The Grattan Institute, an independent think tank, released a report in 2017 which accused retailers of elevating profits by misleading and/or confusing consumers (Wood & Blowers, 2017). In the same year, the ACCC inquiry concluded that electricity tariffs had been negatively impacted by concentrated wholesale and retail markets; pricing offers by retailers were confusing for consumers; and that a lack of information limited the ability of customers to make informed decisions when negotiating with retailers. The report stated that information asymmetry had exacerbated market and regulatory weaknesses in electricity supply (ACCC, 2018c). In August 2018, the Treasurer directed the ACCC to hold another inquiry to monitor the prices, profits, and margins in the supply of electricity in the NEM and provide reports every 6 months from March 2019 until 2025 (ACCC, 2018b).

The International Energy Agency (IEA), part of the OECD of which Australia is a member, has also reviewed Australia's energy policies and stated that coherent collection, monitoring, and reporting of data would enhance transparency on, and performance of, energy price and market data (IEA, 2018).

There are obviously multiple reasons for energy price increases, but a lack of transparency will always compromise competition, produce inferior outcomes, and anger consumers. The asymmetry of information faced by regulators has been mitigated in the United States by a long history of regulating utilities by the Public Utility Commissions (PUC) which has built up a significant information base of utility performance (U.S. Department of Energy, 2017) and commissioner expertise (Fremeth & Holburn, 2009). By comparison the United Kingdom's privatisation of public utilities in 1990 was characterised by under‐priced shares and lax regulation which led to a Windfall Tax in 1997 to claw back excess profits (Chennells, 1997). Introduced in the United Kingdom in 2002, the information and incentives project (IIP) sought information from utilities to increase transparency and enable benchmarking by comparing utility performance (Chau, 2009), similar to processes developed by the PUCs in the United States over many decades of rate reviews. The lack of a robust reporting process for the NEM has led to multiple inquiries into the ESI which have done little to resolve the problems. The extent of these reviews suggests a need, predicted by Gerritsen (1992), for educating the policy community about adjusting the ‘light handed’ regulatory regime.


NPM and electricity restructure literature is silent on the role that information plays in restructured institutions, except for incidental remarks about the benefits of competition and about monitoring monopolies to offset the known problems of asymmetric information in the principal–agent relationship. This oversight implies that NPM proponents assumed that information about electricity supply had no value to consumers. However, this case study shows that asymmetric information has value for competing generators, competing retailers, and regulated network companies, which has led to elevated prices for consumers in the absence of public access to information. There were early warnings of transparency problems (Argy, 2001; Bottomley, 2000; Chennells, 1997; Hooks, Coy, & Davey, 2002; Kolsen, 1996), but as the case study shows, the governance structure of the NEM has been slow to address the asymmetric information problems. Research into financial regulation has similarly concluded that deficiencies concerning data, information, and knowledge contributed to the regulatory failures that sparked the global financial crisis (Becker, 2016).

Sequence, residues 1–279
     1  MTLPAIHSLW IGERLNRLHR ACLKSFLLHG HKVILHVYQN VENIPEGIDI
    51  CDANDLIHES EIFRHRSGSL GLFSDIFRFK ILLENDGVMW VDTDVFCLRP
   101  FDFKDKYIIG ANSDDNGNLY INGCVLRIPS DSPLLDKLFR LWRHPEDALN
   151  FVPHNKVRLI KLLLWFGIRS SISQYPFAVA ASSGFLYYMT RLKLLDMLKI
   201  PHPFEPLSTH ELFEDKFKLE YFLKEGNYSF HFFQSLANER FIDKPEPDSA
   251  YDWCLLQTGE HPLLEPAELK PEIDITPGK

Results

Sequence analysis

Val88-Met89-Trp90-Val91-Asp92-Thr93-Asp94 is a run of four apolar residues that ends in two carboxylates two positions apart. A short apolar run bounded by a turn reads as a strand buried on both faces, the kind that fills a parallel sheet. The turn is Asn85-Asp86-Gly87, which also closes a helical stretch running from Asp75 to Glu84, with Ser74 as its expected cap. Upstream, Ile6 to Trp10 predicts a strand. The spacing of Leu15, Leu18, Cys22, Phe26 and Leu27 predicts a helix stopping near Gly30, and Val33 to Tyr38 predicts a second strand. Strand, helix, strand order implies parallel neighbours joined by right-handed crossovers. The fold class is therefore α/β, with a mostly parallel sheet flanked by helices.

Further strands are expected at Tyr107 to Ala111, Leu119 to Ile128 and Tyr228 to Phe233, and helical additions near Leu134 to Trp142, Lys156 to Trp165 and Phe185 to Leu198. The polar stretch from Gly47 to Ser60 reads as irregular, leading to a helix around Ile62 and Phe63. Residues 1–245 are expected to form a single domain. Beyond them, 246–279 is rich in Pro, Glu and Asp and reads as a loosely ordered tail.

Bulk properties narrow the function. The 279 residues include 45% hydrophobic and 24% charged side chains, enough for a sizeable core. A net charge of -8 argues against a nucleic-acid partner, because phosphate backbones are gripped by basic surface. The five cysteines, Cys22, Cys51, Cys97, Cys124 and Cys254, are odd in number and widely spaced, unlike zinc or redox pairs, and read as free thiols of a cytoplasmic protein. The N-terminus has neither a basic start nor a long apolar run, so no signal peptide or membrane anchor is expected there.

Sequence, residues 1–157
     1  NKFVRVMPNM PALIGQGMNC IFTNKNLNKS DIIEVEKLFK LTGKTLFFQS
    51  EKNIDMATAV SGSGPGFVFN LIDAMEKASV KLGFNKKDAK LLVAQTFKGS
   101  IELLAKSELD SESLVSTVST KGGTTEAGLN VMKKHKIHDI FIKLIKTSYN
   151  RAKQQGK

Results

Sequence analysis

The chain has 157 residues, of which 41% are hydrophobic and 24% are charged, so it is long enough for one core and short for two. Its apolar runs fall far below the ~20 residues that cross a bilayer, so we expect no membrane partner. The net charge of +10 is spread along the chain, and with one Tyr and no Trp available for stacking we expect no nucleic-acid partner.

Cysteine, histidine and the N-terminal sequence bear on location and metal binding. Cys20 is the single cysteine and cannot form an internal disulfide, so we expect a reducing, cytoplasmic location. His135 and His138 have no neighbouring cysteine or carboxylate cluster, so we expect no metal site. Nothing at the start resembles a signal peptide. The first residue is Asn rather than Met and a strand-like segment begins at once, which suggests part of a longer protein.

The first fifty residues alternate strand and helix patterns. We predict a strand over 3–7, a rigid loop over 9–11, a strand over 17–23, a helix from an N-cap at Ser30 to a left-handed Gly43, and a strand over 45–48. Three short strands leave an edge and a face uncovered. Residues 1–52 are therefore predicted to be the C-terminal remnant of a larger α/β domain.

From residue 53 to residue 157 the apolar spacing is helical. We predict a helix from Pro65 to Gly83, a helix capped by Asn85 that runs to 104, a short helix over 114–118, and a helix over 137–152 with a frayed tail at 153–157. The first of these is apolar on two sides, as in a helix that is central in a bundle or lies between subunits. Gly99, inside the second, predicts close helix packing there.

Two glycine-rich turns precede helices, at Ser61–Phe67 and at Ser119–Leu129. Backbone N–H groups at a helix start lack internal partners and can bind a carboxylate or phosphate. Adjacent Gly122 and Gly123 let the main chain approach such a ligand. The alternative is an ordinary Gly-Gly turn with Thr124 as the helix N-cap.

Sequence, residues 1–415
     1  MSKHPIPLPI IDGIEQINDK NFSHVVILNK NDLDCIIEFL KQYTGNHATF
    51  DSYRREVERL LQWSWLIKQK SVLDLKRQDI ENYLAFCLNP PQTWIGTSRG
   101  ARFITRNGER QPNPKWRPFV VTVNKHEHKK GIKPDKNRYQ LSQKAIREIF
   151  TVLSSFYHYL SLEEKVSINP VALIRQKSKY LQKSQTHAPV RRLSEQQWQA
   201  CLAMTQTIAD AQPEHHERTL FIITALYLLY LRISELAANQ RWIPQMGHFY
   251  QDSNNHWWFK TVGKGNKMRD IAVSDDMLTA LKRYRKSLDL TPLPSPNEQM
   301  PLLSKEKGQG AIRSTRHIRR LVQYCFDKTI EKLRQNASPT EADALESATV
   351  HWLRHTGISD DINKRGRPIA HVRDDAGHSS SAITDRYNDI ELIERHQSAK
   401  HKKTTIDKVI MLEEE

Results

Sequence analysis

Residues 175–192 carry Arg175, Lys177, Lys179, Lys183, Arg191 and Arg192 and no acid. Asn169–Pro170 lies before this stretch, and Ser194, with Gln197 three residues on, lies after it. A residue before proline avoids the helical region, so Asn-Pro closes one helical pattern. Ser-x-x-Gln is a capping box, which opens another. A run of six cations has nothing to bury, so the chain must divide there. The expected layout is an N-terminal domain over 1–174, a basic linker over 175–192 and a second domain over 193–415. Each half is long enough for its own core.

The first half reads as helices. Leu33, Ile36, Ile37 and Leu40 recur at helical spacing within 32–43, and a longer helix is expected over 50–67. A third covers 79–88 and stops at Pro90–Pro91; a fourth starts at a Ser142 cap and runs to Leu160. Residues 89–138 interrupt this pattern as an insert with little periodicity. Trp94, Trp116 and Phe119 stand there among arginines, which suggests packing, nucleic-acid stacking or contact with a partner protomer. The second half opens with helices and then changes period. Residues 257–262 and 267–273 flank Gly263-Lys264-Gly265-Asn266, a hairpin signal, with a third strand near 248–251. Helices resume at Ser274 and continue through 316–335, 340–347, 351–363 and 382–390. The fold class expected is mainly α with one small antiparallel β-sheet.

The NPM literature is equally silent on the importance of accountability. Prior to reform, Queensland energy commissioners and ministers made decisions with an eye to the tariffs that consumers would pay. Consumers had full access to the data, the reasons for investment decisions, and tariff levels. The case study shows that NECA and the AEMC instead have focussed on rule‐making and advice to governments on improvements to regulatory and energy market arrangements, with little attention to monitoring and reporting of prices. Indeed, international research has found that governments are less likely to punish non‐compliance by public agencies than private firms (Konisky & Teodoro, 2016), which has implications for effective oversight and monitoring of the AER, the AEMC, and AEMO.

The objectives of ‘light‐handed regulation’ – maximise reliance on market mechanisms and minimise complexity – have in practice delivered a convoluted system. In the words of the ACCC Chairman, ‘The National Electricity Market is largely broken’ (ACCC, 2018a). Generators are competing with each other to maximise their profits for shareholders. Networks are investing to meet demand forecasts, reliability standards, and maximise revenues for shareholders, all of which are approved by an energy regulator that has no responsibility or accountability to consumers in each state. Retailers are competing with each other to maximise their profits for shareholders, but have to absorb the costs of wholesale price volatility and network operations. Retailers have access to most of the relevant information which gives them advantages over regulators and customers. No one bears responsibility for the average prices that consumers pay. The fragmentation of responsibility created by the NEC/NER and the undervaluing of electricity system information has led to insufficient knowledge: for the public to be aware of the consequences of regulated investment and revenue; for regulators to regulate in the interests of consumers; for consumers to find the most affordable supply contract; and for researchers and analysts to prove or disprove the wisdom of this restructured system motivated by NPM. The implications for neoliberal economics and NPM are that policy design and implementation must address information asymmetry and fragmented accountability to become more effective in service provision.


The compilation of a Queensland Energy Database and detailed analysis of information concerning the Queensland Electricity Supply Industry since 1995 was made possible by an Advance Queensland fellowship. The authors would also like to thank the anonymous reviewers for helpful comments and suggestions.


    The authors declare no conflict of interest.